British Columbia Lottery Corporation knows how important the holidays are for many individuals, especially this year when everything has been and continues being so uncertain. Finding comfort in the familiar is crucial for many people and some of them are ready to give the gift of chance to their loved ones. The #GiftSmart program has launched once again.
‘Tis the season to be jolly and spread the love, and this is what many individuals are about to do. Lottery tickets for both draw-based and instant games are among the preferred gifts many British Columbians exchange around this time of the year, as they offer them the chance to win big in a matter of seconds and change someone’s life for good.
Even though this idea might seem like a go
od one for adults, giving lottery tickets as gifts to kids and adolescents is not considered the right thing to do. British Columbia Lottery Corporation has once again greenlighted its special program promoting responsible gambling over the holiday season.
Some important choices have to be made over the next few days. Gift-giving is a major point of the celebration, but problem gambling is an issue that should not be taken lightly. Many individuals consider giving their kids lottery tickets as presents since this could make their life so much easier, once a grand windfall comes their way. The chance for a good life or at least a life better than theirs is one of the main selling points of this Christmas present.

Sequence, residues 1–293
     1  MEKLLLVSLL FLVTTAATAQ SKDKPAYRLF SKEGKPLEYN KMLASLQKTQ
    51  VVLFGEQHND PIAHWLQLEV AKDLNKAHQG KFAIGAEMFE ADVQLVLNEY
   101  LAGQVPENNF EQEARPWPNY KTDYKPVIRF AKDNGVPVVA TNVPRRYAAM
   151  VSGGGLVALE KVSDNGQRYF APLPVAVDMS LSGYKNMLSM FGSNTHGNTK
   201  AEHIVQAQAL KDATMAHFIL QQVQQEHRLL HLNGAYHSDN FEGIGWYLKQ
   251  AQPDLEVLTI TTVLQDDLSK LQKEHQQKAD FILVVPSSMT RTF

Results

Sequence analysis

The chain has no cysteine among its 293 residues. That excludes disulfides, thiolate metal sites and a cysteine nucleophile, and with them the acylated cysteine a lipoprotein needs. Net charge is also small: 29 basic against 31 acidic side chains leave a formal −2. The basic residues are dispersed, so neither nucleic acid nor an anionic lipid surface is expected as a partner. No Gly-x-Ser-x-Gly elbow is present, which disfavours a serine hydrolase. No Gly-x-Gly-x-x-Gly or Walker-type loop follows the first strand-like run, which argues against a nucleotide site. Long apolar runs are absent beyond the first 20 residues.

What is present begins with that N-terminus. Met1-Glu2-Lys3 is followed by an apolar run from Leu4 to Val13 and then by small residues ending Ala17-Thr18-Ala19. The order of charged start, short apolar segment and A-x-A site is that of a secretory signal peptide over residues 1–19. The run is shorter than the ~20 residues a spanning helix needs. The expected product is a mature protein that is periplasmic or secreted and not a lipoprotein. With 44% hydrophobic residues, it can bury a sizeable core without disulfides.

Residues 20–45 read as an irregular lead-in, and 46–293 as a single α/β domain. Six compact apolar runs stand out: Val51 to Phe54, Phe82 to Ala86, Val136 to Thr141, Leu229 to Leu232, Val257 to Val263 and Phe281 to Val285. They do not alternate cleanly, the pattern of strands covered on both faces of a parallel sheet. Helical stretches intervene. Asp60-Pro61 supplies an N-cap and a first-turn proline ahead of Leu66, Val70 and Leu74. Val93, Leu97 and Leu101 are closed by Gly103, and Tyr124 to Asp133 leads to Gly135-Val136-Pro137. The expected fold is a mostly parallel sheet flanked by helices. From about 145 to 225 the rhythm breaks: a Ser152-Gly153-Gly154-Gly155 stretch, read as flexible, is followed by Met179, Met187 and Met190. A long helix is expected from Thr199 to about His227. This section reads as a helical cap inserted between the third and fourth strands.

However, problem gambling is a thing and easily impressionable individuals such as kids and adolescents could find themselves intrigued by the world of gambling. The Crown corporation wants to remind once again that even though Scratch & Win tickets come with intrinsic details and attractive themes, they are an inappropriate Christmas gift for children.
Dr. Jamie Wiebe, Director of Player Health for BCLC, reminded that instant lottery tickets are not made for children to scratch off and win. Exposure to any form of gambling at an early age is linked to devastating consequences for the individual at a later point in their lives. Kids that have been exposed to lottery offerings are more likely to become gambling addicts later on in life.
Individuals interested in purchasing lottery tickets as gifts should give them to adults only, as they have the legal right to participate in the diverse gambling offerings British Columbia Lottery Corporation has in store. Dr. Wiebe wants to make sure that adults understand the negative impact they could have on their children or kids in their friend circle with a single lottery ticket purchase.
Their minds lack the capacity for risk evaluation and they could be drawn to the activity at an early age, eventually leading to its spiraling out of control. The special campaign is able to reach more individuals with the help of the radio and social media, as well as via some 3,500 lottery retailers on a provincial scale.